Members of the board will undoubtedly be interested in the information contained in the report in order to get a sense of the level of committee activity during the last fiscal year, which, you will see, was a busy one. However, this report is also on your agenda today because of a practice that began in 2013-14, such that the annual report of the liaison committee will be reviewed by the board and, if agreed to, tabled again by the Speaker in order to meet the requirements of the standing order. The standing order requires the board to table an annual comprehensive financial report outlining the individual expenditures of every standing, special, and legislative committee. Having a single report that meets the requirement of both the liaison committee and the board means the process of preparing these two reports has been made more efficient, which is a goal of all of us at this table.
Members will see that in 2016-17, committees held 1,385 meetings, met for nearly 2,584 hours, heard from 6,192 witnesses, and presented 172 reports to the House. As you will see in the last bullet in your report, there's a bit more detail in the graphs that are on the following slides.
The expenditures approved by committees for all of their activities totalled $3.26 million in 2016-17.
In addition to the standing committees, this report also includes expenses related to special committees that do not fall under the liaison committee, specifically the Special Committee on Electoral Reform, and the Special Committee on Pay Equity. This information is also included so that all committee activities are included in one location to facilitate access and to ensure transparency.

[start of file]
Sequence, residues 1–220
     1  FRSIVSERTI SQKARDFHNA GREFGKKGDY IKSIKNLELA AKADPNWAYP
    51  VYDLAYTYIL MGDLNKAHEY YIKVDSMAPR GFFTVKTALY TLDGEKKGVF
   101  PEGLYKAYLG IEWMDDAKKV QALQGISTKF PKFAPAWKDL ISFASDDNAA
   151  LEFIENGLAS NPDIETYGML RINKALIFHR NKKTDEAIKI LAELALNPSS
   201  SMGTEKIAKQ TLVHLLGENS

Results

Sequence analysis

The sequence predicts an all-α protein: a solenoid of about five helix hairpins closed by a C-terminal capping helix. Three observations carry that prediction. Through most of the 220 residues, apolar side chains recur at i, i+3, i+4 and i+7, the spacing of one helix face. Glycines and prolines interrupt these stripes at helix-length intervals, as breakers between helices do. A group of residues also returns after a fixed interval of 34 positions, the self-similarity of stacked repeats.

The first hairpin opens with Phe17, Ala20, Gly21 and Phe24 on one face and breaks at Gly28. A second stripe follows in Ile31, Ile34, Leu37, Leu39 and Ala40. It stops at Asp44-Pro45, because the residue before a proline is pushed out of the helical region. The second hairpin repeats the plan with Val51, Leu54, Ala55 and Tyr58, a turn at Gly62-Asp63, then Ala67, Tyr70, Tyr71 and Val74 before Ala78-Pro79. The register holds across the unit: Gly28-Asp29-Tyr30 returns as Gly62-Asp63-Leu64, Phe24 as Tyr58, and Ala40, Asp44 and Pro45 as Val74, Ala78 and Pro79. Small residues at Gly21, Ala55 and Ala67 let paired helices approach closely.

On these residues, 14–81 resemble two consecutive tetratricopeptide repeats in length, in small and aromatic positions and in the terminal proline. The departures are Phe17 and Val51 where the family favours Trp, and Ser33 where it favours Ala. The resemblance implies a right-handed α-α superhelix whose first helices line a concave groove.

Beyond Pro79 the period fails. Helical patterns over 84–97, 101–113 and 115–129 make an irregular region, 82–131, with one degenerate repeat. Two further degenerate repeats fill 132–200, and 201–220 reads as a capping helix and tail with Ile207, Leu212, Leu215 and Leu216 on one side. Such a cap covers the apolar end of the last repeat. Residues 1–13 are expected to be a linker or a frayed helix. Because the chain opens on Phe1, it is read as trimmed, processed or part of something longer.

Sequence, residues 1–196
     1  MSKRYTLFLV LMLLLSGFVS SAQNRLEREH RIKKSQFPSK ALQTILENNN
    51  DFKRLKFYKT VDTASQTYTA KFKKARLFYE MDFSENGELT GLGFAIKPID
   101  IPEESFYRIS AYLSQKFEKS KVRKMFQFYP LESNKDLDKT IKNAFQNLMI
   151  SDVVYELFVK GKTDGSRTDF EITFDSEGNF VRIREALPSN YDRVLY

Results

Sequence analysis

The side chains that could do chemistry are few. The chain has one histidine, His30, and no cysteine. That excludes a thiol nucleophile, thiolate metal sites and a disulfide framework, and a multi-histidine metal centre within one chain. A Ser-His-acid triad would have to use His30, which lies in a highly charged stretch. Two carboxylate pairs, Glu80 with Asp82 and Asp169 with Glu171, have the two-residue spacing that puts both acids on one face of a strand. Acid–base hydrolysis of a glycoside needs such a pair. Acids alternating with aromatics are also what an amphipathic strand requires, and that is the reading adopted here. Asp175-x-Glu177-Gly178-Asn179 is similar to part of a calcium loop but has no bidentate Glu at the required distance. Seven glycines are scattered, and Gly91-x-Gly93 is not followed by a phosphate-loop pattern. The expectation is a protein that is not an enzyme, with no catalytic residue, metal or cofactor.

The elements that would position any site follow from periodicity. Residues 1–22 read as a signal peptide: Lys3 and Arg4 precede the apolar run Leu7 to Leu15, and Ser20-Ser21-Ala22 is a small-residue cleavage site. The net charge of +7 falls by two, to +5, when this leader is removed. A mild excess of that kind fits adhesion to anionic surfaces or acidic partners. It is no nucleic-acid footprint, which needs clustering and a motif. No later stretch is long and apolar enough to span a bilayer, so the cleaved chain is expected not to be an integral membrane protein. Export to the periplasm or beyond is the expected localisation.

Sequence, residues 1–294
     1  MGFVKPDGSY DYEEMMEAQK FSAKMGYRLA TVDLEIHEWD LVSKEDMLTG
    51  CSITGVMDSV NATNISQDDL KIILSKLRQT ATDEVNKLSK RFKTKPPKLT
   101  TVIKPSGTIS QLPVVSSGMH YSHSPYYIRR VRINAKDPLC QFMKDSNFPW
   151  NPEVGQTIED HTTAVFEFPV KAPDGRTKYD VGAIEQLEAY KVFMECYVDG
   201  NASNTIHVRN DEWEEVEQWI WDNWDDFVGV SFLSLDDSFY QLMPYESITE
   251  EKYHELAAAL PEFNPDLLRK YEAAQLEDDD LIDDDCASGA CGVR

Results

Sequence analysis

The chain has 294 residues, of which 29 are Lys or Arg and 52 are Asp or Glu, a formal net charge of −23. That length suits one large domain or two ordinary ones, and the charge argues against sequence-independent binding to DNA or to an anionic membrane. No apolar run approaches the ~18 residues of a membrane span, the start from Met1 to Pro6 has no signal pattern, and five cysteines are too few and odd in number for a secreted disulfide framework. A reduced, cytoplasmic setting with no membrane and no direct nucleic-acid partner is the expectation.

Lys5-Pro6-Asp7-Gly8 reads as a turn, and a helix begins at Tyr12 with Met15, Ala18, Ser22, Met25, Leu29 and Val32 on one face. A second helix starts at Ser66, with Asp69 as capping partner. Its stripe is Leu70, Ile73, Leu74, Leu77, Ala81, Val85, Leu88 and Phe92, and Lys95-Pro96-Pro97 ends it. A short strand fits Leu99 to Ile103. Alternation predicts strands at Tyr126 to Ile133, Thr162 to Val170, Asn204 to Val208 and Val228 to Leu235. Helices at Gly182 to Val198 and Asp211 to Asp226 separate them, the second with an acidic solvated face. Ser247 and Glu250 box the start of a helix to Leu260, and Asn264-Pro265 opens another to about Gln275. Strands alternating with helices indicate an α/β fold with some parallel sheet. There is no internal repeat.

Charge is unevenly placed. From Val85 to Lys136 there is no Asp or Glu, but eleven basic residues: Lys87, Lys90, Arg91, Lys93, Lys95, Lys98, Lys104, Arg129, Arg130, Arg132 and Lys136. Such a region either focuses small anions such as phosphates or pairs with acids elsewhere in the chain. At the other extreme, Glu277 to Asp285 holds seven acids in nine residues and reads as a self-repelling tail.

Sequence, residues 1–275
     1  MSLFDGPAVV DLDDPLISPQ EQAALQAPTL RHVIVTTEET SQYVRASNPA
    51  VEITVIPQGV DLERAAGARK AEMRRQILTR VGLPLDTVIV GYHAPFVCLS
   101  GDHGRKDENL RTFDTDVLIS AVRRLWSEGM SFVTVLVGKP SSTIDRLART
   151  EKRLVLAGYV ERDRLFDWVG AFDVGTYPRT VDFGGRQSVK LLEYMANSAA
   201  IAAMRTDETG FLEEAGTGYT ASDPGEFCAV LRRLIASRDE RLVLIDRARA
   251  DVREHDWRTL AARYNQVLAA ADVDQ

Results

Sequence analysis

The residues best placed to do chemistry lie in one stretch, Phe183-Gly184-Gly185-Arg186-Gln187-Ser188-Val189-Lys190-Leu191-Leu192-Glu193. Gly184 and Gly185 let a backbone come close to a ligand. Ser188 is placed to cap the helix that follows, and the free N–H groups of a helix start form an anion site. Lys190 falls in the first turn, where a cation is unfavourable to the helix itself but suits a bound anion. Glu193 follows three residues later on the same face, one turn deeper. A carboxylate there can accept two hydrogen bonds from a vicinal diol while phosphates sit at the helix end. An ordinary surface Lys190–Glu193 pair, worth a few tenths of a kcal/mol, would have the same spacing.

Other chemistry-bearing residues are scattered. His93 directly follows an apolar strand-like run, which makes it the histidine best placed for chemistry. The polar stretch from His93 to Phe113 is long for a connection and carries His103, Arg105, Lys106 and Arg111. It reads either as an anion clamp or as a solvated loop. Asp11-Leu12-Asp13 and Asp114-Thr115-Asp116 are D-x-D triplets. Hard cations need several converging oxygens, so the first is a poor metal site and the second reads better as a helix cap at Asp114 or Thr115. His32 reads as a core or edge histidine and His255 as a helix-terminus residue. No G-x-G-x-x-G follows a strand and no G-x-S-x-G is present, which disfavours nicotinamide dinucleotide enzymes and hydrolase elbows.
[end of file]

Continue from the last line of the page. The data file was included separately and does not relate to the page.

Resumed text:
To complete the presentation, I will simply go through the remaining slides, each of which has information from the Liaison report that compares information in different categories over the last five years.
First, the board will note that the number of meetings is more than 240 meetings higher than the next-highest year, which was 2012-13. On the next slide, we can see that these 240 meetings mean that committees actually met for nearly 750 hours more than they did in 2012-13. Committees have all been extremely busy.
The last slide in the presentation does contain a statistic that you may find very interesting. The number of witnesses in 2016-17 was significantly higher than in any other recent year. There are several likely reasons for this increase. In part, this is likely due to the level of committee travel over the past year. An approach that many committees have adopted while on the road is to reserve time for audience participation, which has proven to be very much appreciated. This, in addition to the generally high level of activity, including two special committees, would appear to have influenced the number of witnesses in the last year.
This concludes my brief presentation, Mr. Speaker and to the board. If you have any questions, we would be pleased to answer them.
View Judy A. Sgro Profile
Lib. (ON)
Thank you very much, Mr. LeBlanc, for the question.
Yes, there was an immense amount of interest in travelling. It was a new Parliament. Many of our colleagues were excited in their jobs, and to do the very best job, they needed to do the travel in order for them to become familiar with the issues they were asked to report on.
I must say to you, because we had so many requests coming in, that we did look at ways in which we could tighten up the system. When different committees are coming before us, we now ask them to come to the committee for an overview of whether or not the committee will be receptive to their request, rather than have them come with a budget prepared and all of the work that goes into that when sometimes there's limited.... Finances are always limited, and you have to make the appropriate decisions.
We have the committee chairs come before us with an overview, and if the committee members feel it's an appropriate request, they're then directed to go back and to come forth with an actual budget for approval, so that we can gauge on a regular basis just how much is being spent.